Saliva-serum theophylline concentrations: Substantial intrapatient and interpatient variation in predicting serum concentrations

Donald L. Uden, Kenneth W. Miller, Linda M. Strand, Paul B. Johnson, Darwin E. Zaske

Research output: Contribution to journalArticle

12 Scopus citations

Abstract

The relationships between serum and saliva concentrations were evaluated in 18 patients after single doses of three theophylline preparations. Simultaneous multiple saliva and serum samples were obtained after theophylline ingestion and were analyzed for theophylline content by the modified Schack and Waxier spectrophotometric method. Significant variability was observed in the data for those saliva/serum ratio sets obtained within 30 min of dosage. The mean correlation coefficient for saliva/serum sample sets obtained at and after 30 min was 0.86. Pearson product moment correlation coefficients determined for saliva/serum ratios at 2,4,6, and 8 hr ranged from 0.84 to 0.89, leaving 26% of the variance unexplained. Serum concentrations were calculated from a randomly selected saliva/serum ratio for each patient. Predicted serum concentrations were ± 2 /µg/ml of measured concentrations in only 143 of the 196 determinations (73%). Therefore, the use of saliva concentrations to predict serum values has substantial error in specific patients and may lead to incorrect dosage adjustments.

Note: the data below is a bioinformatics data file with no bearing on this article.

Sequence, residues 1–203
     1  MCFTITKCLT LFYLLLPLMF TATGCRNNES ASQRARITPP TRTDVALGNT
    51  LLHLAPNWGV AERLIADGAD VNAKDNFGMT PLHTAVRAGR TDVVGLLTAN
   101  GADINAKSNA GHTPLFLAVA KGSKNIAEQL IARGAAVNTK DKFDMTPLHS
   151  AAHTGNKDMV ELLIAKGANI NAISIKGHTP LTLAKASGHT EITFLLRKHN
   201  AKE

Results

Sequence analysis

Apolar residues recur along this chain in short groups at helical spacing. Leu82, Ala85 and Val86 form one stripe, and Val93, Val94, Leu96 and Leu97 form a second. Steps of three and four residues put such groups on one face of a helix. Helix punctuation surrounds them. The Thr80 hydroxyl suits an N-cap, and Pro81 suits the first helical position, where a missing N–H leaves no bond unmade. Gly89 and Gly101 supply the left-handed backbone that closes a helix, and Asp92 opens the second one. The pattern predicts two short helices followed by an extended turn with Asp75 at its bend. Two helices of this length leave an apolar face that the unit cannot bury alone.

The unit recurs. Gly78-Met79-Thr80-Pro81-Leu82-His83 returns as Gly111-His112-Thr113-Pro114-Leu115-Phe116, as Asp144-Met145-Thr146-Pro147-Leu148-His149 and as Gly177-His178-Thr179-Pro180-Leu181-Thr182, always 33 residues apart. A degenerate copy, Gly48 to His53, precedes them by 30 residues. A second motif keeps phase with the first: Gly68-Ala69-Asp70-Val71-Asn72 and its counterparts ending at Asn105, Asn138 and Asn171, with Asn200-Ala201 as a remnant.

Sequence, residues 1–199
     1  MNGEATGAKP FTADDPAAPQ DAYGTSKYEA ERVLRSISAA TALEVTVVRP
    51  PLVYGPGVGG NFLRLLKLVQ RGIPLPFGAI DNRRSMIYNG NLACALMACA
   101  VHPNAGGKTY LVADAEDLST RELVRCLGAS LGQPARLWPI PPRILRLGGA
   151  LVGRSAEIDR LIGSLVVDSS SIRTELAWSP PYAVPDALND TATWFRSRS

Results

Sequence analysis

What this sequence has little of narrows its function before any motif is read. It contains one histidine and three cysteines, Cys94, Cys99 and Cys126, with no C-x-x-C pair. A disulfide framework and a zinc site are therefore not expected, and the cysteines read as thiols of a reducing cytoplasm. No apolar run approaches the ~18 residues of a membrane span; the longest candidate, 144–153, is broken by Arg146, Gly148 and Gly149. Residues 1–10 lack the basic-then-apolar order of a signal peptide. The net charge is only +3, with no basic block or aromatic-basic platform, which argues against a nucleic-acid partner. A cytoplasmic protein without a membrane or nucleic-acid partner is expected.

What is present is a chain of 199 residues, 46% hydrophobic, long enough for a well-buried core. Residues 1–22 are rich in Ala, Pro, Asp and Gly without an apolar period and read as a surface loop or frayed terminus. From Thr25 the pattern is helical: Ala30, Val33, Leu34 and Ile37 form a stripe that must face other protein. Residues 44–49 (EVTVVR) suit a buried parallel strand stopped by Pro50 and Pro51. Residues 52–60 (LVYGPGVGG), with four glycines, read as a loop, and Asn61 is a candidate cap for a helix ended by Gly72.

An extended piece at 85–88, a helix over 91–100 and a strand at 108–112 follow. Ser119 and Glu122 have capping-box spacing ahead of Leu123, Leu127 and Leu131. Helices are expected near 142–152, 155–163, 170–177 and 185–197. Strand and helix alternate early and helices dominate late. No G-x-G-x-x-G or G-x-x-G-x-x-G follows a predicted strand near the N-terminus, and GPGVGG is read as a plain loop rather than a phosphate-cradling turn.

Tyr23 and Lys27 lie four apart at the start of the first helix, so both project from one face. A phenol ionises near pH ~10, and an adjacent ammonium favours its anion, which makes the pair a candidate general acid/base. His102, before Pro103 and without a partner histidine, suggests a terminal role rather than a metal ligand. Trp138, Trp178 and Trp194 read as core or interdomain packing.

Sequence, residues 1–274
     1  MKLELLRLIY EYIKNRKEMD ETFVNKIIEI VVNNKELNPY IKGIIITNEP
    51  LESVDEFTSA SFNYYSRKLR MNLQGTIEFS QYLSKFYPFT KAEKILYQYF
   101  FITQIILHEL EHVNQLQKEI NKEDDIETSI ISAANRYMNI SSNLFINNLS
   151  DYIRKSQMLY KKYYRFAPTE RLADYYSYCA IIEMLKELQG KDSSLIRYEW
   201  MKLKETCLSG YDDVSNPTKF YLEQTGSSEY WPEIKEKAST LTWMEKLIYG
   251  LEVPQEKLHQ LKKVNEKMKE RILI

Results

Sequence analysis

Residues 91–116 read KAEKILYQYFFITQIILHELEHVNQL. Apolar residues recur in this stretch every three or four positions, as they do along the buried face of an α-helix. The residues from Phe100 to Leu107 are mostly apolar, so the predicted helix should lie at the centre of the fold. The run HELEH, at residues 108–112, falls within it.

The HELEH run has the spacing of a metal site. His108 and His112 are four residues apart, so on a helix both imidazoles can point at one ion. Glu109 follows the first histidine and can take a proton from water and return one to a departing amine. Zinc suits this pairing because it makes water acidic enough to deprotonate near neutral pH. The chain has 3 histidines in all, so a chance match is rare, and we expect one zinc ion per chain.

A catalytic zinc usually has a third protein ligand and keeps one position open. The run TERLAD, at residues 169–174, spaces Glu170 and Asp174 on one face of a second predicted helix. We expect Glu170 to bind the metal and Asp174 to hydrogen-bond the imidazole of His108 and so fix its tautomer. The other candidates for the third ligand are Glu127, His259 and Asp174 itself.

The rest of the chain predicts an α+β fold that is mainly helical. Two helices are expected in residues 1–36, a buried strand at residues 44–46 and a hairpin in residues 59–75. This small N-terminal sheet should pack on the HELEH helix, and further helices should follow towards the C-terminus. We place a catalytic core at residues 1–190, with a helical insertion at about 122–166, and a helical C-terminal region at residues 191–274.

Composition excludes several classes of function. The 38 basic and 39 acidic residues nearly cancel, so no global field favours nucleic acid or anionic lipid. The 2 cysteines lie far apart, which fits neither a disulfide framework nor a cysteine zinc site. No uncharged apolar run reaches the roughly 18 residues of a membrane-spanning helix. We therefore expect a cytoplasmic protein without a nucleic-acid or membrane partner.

Original languageEnglish (US)
Pages (from-to)143-150
Number of pages8
JournalTherapeutic drug monitoring
Volume3
Issue number2
DOIs
StatePublished - Jan 1 1981

Keywords

  • Saliva
  • Serum
  • Theophylline

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